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All home improvement contractors must die

By robo_dev ·
Tags: Off Topic
//begin rant 1.0//

Why is it that when you pay somebody to do work, they never do it right the first time? Is it a lack of education, poor genetics, lack of pre-natal care? Did their mother smoke (crack?) during the pregnancy?

Why does it fall on me, the homeowner, to educate the contractor about building codes, best practices, and common sense?

For example, right now I am getting the raised wood deck replaced on my house. I did LOTS of due dillgence, checked references, etc.

And yet....

I'm having to explain to them:

- why a 'temporary beam' to pass inspection is a bad idea
- why soil contact with wood is bad
- why 3/8" bolts are not code-compliant for guard-rail attachment
- why it's a bad idea to tap their ungrounded extension cord into the 30AMP service-disconnect for my AC unit.
- why joist hangers exist, and the startling news that there are even different size joist hangers for different sized therefore using a 8" hanger on a 10" joist is not correct.

Or why it's a bad idea to let one of the worker's 8 year old son roam unsupervised under the deck (on temporary supports) for three hours last Friday. (have that on CCTV footage)

Today I found they installed the posts in the ground, using only the (code minimum) 12" of concrete in the hole, the rest filled up with soil. Technically it 'meets code' but keep in mind the Southern US is second only to Hawaii for termites.

After a somewhat heated argument with the owner of the deck company, I have made the vow...never again hire anybody to do anything. I used to do it all myself, and I guess I need to get back to that again.

//end rant//

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Oh no.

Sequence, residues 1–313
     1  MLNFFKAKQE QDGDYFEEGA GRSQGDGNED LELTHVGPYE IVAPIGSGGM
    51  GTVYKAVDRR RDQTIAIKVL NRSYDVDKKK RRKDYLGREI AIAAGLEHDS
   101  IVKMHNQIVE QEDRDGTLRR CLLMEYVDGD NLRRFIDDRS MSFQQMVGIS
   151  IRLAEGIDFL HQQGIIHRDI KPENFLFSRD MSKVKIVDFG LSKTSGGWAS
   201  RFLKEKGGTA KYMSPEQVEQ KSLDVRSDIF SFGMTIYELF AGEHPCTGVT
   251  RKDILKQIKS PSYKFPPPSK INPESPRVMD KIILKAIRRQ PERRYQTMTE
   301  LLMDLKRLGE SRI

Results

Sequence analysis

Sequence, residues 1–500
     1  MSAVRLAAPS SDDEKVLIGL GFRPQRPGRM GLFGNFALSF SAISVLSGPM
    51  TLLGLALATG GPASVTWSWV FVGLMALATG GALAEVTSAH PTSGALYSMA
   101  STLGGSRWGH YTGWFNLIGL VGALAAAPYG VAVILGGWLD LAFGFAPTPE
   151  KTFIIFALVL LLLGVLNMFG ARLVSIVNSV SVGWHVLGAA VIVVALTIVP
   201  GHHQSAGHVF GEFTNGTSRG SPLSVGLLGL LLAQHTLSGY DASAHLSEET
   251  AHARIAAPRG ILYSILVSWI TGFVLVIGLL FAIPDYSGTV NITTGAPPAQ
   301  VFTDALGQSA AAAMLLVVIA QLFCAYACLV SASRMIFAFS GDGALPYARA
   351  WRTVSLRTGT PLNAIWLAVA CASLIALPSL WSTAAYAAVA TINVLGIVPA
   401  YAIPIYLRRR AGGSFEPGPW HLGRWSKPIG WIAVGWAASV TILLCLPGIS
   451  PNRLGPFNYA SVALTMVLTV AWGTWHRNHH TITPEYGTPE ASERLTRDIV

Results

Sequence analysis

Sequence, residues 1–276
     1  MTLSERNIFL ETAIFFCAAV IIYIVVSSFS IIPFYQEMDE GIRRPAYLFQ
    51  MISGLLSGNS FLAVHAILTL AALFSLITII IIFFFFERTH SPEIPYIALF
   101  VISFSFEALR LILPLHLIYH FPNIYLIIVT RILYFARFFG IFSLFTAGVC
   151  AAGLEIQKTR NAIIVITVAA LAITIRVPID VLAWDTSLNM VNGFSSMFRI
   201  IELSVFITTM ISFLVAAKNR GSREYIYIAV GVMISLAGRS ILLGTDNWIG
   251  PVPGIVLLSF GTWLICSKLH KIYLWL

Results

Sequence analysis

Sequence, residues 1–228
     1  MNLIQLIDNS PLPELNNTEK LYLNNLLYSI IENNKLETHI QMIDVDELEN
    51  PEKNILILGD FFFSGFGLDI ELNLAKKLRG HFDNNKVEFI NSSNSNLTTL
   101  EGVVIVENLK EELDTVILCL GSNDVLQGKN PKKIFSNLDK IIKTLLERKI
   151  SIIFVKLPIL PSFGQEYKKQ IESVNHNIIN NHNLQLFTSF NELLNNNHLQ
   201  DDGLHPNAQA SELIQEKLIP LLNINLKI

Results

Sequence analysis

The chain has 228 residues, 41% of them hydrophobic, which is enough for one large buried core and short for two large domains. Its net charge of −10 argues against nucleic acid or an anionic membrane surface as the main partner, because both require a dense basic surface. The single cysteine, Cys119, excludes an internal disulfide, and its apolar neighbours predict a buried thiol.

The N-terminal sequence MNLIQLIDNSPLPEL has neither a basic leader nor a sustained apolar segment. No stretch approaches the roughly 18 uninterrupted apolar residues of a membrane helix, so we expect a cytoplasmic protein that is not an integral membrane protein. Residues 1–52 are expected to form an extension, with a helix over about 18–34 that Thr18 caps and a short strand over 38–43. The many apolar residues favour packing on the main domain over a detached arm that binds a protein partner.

by boxfiddler Moderator In reply to How about this kitchen?

Can't do that color scheme. :0

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But Davette

by HAL 9000 Moderator In reply to Oh no.

I thought that green nail polish and Black Lip Sticks would suit you.


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Expectations Versus Specifications

by TheChas In reply to All home improvement cont ...

Well, the first thought that comes to mind is how well did you detail your specifications for the deck work before going out for bids and selecting a contractor?

If you just said I need a new deck and choose one of the lower bids, you are getting what you asked for. The contractor did not bid for doing the work above minimum requirements.

If you desire or want specific materials or construction used in a project, those details must be part of the proposal and then be documented in the contract for the job.

If you wish to change something after the work has started, expect to pay extra for it.

Not to say that the contractor is right on all the issues. Just that he expected to spend X amount on materials and his workers would put in X amount of time to complete the job. And then you look things over and have different expectations for materials and construction techniques.

My Father-In-Law draws up detailed requirements and terms whenever he hires work done. Right down to specific requirements for each payment for the job.

Where I work, we regularly run into not getting what we expect from outside suppliers and contractors. But, we can't do much about it because the supplier met our documented requirements. We are learning and getting better at defining proper requirements for contracts. It was easy when we did it all in-house as we could quickly interact if any detail appeared out of line or needed further definition.

Point is that in the US service economy you seldom get more that what you specified as the requirements for the job.


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I did NOT need to see this right now

by NickNielsen In reply to All home improvement cont ...

I'm getting ready to have a new roof put on the house. I'm asking for estimates from five A-rated contractors off Angie's List. The difficult part is the roof has multiple slopes (2-1, 1-1, and 1-4), three gables, and four chimneys. My brother-in-law says I'll pay about a 10-20% premium because of the steep roofs. Thankfully, I have the replacement cost rider on the homeowner's B-) , so the insurance company says they'll give me over 9 grand.